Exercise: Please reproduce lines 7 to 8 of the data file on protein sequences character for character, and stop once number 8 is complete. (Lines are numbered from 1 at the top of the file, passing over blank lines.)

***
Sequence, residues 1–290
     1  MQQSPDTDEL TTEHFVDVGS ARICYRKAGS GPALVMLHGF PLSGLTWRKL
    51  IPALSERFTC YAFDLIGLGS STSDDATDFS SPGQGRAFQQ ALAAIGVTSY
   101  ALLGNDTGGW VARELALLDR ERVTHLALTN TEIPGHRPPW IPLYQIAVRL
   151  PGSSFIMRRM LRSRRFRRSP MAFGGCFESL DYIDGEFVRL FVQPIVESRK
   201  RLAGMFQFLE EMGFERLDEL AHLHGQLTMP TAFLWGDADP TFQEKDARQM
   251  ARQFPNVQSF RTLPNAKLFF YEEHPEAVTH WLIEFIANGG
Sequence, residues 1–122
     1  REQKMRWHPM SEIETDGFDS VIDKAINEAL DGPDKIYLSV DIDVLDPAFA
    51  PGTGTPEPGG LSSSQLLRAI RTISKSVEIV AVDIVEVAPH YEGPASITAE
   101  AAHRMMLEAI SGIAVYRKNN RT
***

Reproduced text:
   251  ARQFPNVQSF RTLPNAKLFF YEEHPEAVTH WLIEFIANGG
Sequence, residues 1–122